Transients on an AC power line can range from a few volts to over several kilo-volts above the normal mains voltage. Suppression devices which attenuate or block these transient use filter circuits to effectively eliminate these mains born transients by inserting a 100Hz filter in series with the connected load.
The frequency component of a fast switching voltage transient can be much higher than the slow moving fundamental frequency of the AC source. Thus an obvious choice to attenuate and control these unwanted transients is to use a low-pass filter section between the source and the load.
Low pass filters, such as an LC filter, can be used to attenuate any high frequency transients and allow the low-frequency power or signal to pass through undisturbed. The simplest form of transient suppression filter is that of a resistor-capacitor RC filter placed directly across the power line to attenuate any high frequencies transients.
Filters intended for AC power applications generally comprise of inductances and capacitors to form multistage LC filters whose degree of attenuation depends on the number of LC stages in the filter. A typical series connected AC mains transient suppression filter is shown below.
This basic two-stage low-pass AC filter provides a high insertion loss between line-to-line and line-to-ground throughout the frequency range offering effective transient voltage protection by stopping any high-frequency transient and noise from reaching the connected load equipment. Also as well as reducing voltage spikes and transients, these mains power filters can help eliminate any radio-frequency interference or emissions given off by the power supply.
Voltage clampers are used to limit the amplitude of a transient across a circuit. A voltage clamping device begins conducting when a preset threshold voltage is exceeded, then returns back to a non-conducting mode when the overvoltage drops below its threshold level. Thus overvoltage spikes are clipped off to a safe level by the clamping device.
Voltage clamping devices are generally placed across the supply and in parallel with the load to protect it against any unwanted high dv/dt voltage transients. A voltage clamper can be something as simple as a zener diode across a DC supply, but for bi-directional AC supplies we need to use metal oxide varistor (MOV), suppression diodes or voltage dependent resistor (VDR) for over-voltage protection.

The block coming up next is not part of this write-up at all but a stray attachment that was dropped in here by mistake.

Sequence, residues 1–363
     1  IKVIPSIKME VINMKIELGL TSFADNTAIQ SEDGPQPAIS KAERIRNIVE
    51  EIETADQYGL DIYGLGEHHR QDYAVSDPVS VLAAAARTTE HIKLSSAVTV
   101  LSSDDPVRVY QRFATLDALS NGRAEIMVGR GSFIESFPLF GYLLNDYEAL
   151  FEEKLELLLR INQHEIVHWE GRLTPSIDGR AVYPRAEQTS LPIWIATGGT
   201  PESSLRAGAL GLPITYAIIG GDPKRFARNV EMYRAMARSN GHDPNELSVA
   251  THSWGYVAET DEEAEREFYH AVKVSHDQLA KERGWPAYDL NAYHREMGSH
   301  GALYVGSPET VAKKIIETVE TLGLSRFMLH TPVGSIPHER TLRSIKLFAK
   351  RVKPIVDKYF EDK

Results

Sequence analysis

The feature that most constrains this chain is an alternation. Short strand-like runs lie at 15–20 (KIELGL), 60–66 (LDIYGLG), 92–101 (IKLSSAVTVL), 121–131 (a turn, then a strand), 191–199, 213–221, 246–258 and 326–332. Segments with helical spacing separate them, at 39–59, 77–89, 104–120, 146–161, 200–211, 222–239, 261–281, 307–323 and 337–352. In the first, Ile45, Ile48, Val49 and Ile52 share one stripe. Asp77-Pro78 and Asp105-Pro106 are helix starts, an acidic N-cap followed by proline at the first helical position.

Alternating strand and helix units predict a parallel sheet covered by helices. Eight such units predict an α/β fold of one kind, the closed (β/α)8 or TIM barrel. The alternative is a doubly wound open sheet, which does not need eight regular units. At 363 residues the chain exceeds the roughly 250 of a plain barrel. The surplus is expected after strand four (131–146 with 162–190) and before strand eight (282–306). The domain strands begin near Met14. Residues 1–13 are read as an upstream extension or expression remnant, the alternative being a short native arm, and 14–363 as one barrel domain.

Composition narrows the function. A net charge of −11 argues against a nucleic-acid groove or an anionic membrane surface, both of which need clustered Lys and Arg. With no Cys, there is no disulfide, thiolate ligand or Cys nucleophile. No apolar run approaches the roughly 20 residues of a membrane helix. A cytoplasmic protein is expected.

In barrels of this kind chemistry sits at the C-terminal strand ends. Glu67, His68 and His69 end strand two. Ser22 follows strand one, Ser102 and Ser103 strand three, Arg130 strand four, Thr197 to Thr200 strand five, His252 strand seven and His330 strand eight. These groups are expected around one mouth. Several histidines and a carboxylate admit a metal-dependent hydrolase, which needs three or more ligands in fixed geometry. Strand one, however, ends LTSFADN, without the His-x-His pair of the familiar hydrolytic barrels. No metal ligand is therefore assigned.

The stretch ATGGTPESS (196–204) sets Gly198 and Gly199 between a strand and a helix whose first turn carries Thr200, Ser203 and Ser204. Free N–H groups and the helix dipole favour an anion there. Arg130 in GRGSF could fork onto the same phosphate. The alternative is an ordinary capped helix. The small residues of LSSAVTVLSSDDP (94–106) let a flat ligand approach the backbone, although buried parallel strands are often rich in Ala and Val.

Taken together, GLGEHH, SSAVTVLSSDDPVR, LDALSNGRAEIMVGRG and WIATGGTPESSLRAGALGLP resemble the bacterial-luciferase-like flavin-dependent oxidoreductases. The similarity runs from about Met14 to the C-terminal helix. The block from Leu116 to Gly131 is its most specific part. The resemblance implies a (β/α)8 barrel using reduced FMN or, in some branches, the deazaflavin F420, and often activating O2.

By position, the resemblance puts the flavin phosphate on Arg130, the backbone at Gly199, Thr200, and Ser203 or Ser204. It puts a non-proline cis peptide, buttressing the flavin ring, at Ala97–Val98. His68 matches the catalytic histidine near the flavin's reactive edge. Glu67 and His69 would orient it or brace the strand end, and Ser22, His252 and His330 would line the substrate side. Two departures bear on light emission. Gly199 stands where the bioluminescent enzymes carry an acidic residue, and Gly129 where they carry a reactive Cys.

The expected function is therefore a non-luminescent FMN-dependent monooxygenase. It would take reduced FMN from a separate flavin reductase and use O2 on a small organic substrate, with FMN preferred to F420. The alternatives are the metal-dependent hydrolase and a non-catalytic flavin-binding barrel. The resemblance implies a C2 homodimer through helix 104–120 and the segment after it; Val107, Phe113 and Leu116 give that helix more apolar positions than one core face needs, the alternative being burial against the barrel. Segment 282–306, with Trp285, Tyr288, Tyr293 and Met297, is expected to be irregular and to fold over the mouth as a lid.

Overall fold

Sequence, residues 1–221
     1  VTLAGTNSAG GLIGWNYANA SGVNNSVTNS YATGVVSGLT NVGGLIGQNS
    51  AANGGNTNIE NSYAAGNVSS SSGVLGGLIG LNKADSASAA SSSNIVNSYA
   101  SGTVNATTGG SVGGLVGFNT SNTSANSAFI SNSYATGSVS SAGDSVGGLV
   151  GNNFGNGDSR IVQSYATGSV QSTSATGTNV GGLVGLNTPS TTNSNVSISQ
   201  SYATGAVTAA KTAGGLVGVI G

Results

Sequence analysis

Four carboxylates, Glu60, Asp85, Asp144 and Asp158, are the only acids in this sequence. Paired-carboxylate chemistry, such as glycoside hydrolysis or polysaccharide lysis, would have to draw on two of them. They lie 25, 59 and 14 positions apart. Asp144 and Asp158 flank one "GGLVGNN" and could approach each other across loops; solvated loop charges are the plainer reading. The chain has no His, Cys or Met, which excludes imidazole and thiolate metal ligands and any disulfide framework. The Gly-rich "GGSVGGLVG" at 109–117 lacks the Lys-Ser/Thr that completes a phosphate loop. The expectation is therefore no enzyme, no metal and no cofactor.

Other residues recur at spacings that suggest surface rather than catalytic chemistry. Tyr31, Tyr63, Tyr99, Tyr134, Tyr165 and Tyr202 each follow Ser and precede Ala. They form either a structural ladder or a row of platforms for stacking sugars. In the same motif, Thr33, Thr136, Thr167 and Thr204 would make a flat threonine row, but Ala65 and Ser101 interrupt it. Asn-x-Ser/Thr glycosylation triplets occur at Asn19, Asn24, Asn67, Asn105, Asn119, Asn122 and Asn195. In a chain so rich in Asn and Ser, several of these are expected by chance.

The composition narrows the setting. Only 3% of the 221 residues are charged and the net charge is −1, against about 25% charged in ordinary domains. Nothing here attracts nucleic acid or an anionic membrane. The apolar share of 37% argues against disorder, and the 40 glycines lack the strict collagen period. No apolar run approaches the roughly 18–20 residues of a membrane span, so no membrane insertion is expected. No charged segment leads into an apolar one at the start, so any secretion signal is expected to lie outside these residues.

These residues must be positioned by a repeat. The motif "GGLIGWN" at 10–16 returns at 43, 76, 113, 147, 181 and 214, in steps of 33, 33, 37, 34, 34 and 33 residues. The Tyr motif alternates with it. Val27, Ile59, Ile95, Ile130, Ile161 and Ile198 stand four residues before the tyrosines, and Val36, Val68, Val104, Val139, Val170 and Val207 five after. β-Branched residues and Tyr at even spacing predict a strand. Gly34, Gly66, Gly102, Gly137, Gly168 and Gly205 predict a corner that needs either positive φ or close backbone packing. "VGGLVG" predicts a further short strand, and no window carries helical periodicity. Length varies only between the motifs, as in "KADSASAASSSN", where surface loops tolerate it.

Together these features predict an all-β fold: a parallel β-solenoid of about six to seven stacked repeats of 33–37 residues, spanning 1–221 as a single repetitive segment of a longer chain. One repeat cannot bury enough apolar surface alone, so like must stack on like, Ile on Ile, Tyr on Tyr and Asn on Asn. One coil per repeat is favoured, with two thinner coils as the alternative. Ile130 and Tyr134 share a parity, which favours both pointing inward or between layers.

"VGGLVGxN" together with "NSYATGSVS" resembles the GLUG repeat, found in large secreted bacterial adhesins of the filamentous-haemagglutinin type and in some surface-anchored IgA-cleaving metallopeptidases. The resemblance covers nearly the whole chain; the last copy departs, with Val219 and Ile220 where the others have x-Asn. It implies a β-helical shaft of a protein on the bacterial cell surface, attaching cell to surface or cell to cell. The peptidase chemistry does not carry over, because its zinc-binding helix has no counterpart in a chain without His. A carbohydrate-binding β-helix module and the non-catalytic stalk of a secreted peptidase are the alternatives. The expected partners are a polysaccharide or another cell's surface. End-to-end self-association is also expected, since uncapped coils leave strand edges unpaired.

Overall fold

Note that voltage clamping devices divert surge currents, they do not absorb them as with a filter, so care must be taken to ensure that the path used to divert the transient does not produce or create its own problems for the circuit.
Zener diodes are used for protection on DC supplies (unidirectional) as they behave like normal diodes in their forward biased direction, but break down and conduct in their reverse biased direction. Thus a zener diode’s reverse breakdown voltage, VZ can be used as the reference or clamping voltage level.
In the reverse direction and below the their zener breakdown voltage, VZ zener diodes exhibit high impedance to the supply and conducts very little leakage current. However, when the voltage across the zener is greater than its zener voltage, it starts to breakdown with its conduction increasing gradually as the voltage across it increases exhibiting a very low impedance path to the over voltage transient.
When connected across a supply or across the components being protected, the zener diode is effectively “invisible” until a transient voltage appears as it has a high impedance below its reverse breakdown voltage and a low impedance above its reverse breakdown voltage.
When the zener is in the breakdown mode of operation, that is when suppressing a transient, the diode clamps the over voltage instantly to limit the spike to a safe level and then returns back to normal once the transient voltage is below the zener voltage, VZ. Then the clamping voltage, VC is therefore equal to the zener’s reverse breakdown voltage. Because of these clamping characteristics, the zener diode is used to suppress transients as it clamps potentially damaging currents away from the protected load.
The surge current and power capability of the zener diode is approximately proportional to its junction area. Most zener diodes are designed to operate at low power and voltage levels. Zener diodes designed to operate at higher voltage levels and absorb higher surge currents without damage are known as Avalanche Diodes.
We said earlier that a single zener diode can only be used for transient suppression on steady state DC supplies due to their forward biased diode characteristics. But by connecting two zener diodes “back-to-back” we can use their clamping characteristics across a bidirectional AC supply.